I love the way the author writes dialogues between the characters, perfectly capturing the nuisances of southern conversation. Which is to say, the ability of saying one thing but meaning the opposite.
Unlike Queenie, I actually like Autumn and don’t find her to be a self hating, self-sabotaging, casually racist, insufferable psycho slut. Both books tell a story of young black women dealing with trauma in a world that doesn’t allow them to acknowledge that trauma.
….it’s sold as a view into choosing family over everything but, I’m not sure that’s what it is. It’s a story about siblings. About how in some families, for any or whatever reason, one child can be cherished or valued over another and, how that preference, can be detrimental to the preferred child as well as the one(s) not preferred.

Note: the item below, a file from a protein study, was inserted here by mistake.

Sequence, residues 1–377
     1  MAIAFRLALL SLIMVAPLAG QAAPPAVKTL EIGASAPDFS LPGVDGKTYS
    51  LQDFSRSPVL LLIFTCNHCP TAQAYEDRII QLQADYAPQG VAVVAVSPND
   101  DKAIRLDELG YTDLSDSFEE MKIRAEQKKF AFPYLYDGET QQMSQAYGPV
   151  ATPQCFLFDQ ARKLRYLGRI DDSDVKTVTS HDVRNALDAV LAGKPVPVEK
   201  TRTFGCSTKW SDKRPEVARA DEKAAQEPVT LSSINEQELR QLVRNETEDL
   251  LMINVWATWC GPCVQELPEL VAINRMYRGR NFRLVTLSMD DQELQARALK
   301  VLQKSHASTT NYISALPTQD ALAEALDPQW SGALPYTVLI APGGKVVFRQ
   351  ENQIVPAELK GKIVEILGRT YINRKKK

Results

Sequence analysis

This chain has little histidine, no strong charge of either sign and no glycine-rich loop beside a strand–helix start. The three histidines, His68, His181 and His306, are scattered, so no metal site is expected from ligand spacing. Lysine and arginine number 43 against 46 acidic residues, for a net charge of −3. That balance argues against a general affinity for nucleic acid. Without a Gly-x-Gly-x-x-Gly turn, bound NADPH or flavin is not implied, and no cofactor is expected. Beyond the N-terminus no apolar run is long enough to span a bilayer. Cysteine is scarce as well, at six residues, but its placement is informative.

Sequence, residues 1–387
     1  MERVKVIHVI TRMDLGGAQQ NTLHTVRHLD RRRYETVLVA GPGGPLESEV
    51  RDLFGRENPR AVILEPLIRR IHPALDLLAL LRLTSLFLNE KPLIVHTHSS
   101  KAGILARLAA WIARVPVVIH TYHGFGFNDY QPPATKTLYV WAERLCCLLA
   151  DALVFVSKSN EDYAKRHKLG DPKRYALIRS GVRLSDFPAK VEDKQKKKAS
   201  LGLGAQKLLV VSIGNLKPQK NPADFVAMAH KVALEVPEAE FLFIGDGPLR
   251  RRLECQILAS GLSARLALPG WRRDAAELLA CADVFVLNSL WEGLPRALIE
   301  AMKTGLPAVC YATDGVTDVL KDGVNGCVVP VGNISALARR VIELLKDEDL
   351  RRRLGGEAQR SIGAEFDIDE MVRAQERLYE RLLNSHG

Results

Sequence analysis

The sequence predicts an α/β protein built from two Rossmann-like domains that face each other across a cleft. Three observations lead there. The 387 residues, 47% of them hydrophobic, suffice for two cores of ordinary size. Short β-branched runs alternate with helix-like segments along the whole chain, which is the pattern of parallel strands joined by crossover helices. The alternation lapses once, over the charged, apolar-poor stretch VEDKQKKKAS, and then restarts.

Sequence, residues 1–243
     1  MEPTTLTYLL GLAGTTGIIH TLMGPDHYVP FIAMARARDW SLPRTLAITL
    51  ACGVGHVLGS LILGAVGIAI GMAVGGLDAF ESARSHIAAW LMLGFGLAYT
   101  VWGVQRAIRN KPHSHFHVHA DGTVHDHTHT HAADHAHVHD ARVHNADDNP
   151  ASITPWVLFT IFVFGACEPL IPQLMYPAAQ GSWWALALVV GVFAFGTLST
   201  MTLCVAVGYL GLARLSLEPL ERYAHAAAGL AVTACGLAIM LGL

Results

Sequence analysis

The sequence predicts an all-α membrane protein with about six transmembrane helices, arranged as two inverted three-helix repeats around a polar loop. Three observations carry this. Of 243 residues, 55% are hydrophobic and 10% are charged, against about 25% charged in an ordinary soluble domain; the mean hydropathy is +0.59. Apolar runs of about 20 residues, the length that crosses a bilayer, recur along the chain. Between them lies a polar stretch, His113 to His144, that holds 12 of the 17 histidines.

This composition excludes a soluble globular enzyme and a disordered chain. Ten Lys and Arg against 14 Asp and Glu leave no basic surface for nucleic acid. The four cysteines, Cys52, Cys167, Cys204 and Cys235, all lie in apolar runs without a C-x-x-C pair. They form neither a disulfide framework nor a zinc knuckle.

The author readily admits Queenie’s point of view is problematic and intentionally so. She says the story is a description of what she thinks things would look like if she allowed her life and emotions to “get out of hand”.